Quality assurance procedures in the Level 3 Certificate in Assessing Vocational Achievement (CAVA)
My team of assessors in the Level 3 Certificate in Assessing Vocational Achievement
A key part of an internal quality assurer’s role is to ensure that the experience or the assessment process meets the required levels and that the whole teaching and assessing team are consistent in their work. My team of assessors for the Level 3 Certificate in Assessing Vocational Achievement (CAVA) interpret the qualification in the exact same way. First as an IQA, we need to determine which areas need improvement and we can only do this by sampling learners work, assessment decisions and training practice. Standardisation is about ensuring fairness, reliability between all staff who are involved with learners.
Standardisation in the Level 3 Certificate in Assessing Vocational Achievement
Standardisation should take place over sessions and should also be a dedicated event. Simply having an operations meeting to briefly cover a learning outcome is simply not going to cut it. It is not recommended that you cover a full qualification in one sitting, but you may want to look at covering the whole qualification over a year. For example, we carry out standardisation meetings for the Level 3 Certificate in Assessing Vocational Achievement (CAVA) every month but over the course of the year, we will cover all of the learning outcomes.
IQAs in the Level 3 Certificate in Assessing Vocational Achievement
As an IQA, its not me dictating would all of the assessors need to do, but to discuss with assessors their own experiences and work together to come up with ways of interpreting the qualifications and to ensure that consistency and quality is upheld. It might even be a case that following a standardisation meeting, that you decide to change assessment decisions or create new training materials. When I created the materials for the Level 3 Certificate in Assessing Vocational Achievement (CAVA) it was done over time recognising trends where learners were struggling and then discussing with my team, how we can improve and then setting action plans to do it.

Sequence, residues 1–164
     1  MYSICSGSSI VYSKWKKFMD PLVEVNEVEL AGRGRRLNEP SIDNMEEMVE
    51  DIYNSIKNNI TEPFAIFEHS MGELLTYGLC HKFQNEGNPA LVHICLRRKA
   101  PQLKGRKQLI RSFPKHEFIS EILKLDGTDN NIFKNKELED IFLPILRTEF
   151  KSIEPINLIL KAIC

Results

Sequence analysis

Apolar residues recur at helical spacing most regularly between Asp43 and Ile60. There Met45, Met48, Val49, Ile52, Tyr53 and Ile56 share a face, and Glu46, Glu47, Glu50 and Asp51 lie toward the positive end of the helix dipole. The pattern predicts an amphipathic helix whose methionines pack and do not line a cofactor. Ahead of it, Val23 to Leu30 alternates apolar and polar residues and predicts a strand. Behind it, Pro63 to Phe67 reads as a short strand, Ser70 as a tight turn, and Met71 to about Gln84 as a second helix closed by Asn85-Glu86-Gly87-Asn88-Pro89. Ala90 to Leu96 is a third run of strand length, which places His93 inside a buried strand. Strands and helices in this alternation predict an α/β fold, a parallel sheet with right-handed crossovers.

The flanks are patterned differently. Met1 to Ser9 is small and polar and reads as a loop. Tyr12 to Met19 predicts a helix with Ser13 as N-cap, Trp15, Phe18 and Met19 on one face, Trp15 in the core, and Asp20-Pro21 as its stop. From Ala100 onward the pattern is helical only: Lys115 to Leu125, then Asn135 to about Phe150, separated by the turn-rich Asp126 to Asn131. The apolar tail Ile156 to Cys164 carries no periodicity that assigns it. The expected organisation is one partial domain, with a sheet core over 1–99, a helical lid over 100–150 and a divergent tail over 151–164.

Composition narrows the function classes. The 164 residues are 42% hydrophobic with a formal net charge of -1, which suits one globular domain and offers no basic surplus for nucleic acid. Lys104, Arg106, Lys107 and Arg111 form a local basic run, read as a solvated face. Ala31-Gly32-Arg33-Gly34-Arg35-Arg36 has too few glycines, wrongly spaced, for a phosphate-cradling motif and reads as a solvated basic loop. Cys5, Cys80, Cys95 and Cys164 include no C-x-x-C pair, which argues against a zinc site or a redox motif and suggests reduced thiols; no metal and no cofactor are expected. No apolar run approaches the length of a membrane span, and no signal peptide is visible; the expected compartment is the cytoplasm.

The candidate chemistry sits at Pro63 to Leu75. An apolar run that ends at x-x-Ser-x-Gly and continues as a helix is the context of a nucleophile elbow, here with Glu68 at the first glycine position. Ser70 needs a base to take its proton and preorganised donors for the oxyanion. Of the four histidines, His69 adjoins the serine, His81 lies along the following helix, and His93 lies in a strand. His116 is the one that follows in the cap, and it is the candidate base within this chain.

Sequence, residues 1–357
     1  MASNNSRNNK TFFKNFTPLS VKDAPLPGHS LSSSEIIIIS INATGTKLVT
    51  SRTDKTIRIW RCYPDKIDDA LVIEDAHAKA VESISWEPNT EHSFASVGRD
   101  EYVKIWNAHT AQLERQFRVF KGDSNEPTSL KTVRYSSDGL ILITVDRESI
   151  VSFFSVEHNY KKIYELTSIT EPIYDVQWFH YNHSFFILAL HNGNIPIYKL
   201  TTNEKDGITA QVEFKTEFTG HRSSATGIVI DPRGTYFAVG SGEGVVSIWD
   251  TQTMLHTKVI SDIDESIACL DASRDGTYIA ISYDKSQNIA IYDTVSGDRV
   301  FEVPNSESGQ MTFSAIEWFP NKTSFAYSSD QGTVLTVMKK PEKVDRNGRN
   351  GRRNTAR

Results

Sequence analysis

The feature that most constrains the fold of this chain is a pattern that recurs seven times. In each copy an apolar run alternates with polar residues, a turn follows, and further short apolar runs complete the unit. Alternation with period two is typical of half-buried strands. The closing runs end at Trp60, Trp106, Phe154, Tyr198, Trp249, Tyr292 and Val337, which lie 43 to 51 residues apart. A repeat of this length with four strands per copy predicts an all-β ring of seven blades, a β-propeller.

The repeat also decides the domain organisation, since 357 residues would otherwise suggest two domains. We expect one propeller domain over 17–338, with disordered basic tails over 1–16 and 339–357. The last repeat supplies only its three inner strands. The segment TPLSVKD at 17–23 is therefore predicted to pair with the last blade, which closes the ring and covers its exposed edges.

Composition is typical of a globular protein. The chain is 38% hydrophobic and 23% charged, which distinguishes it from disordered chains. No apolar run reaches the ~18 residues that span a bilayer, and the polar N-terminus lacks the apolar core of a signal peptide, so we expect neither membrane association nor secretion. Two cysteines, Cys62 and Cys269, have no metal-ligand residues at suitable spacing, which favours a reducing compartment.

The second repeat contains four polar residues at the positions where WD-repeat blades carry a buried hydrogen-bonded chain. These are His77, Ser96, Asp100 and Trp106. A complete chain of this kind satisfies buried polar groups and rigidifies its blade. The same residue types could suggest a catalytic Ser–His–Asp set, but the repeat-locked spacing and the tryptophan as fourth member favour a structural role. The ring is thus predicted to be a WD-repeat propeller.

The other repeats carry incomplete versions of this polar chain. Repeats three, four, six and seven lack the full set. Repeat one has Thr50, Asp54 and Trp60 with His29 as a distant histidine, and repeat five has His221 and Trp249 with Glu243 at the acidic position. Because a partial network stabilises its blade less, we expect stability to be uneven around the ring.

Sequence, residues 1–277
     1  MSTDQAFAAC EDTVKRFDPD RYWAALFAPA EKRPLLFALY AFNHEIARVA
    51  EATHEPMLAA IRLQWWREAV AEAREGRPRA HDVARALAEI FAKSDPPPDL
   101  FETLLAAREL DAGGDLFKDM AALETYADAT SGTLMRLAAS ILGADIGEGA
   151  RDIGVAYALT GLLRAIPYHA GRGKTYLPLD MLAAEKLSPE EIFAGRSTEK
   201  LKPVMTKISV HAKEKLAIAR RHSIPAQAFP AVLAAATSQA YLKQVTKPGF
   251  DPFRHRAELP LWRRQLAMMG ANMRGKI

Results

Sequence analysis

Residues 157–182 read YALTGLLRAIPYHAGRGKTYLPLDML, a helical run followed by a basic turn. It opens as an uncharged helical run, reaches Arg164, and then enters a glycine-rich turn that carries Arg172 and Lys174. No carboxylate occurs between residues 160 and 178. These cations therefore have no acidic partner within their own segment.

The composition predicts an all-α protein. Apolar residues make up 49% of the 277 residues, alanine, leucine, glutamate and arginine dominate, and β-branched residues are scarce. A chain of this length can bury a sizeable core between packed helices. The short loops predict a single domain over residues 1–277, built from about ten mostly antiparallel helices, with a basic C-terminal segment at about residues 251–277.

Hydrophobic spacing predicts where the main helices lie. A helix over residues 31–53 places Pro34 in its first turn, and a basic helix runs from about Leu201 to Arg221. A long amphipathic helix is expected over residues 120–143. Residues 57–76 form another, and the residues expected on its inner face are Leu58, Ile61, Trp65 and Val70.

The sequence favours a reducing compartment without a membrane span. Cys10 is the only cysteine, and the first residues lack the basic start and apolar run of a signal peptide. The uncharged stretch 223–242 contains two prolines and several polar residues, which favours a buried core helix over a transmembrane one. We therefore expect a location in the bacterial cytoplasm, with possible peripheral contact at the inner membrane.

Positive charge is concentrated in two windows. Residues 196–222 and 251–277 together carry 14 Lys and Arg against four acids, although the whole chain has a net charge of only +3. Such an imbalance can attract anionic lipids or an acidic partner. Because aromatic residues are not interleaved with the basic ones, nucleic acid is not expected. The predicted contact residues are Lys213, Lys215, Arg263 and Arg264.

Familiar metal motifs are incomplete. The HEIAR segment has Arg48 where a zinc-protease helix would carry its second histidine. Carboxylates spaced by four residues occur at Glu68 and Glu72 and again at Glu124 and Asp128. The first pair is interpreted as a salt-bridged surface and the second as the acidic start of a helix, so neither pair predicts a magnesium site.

The IQA process can also include issuing questionnaires or surveys to learners and assessors to obtain feedback. The results of these should always be circulated and any action points followed up. If IQA does not take place, there are risks to the accuracy, consistency and fairness of assessment practice. This could lead to incorrect decisions and ultimately disadvantage the learners. Assessment systems should be monitored and evaluated continuously to identify any actions for improvement, which should then be implemented.
Working across many roles in different settings such as schools, colleges, universities and for awarding bodies, standardisation activities include meeting with other trainers or assessors to re-assess work and discuss decisions This is extremely helpful for newly qualified or inexperienced staff. We will compare how assessment documentation has been completed by assessors and look for ways to find a happy medium. We will look at how we interpret the qualification or programme requirements, and we can validate this with the awarding body. We would look to devise our revise assessment documents.
For the Level 3 Certificate in Assessing Vocational Achievement (CAVA) we changed the working in some of the questions to give specific examples in answers. For example, in some questions, learners were not producing a sufficient number of examples in their examples, so we changed the wording which has helped our learners to produce better answers which has increased the first-time pass rate.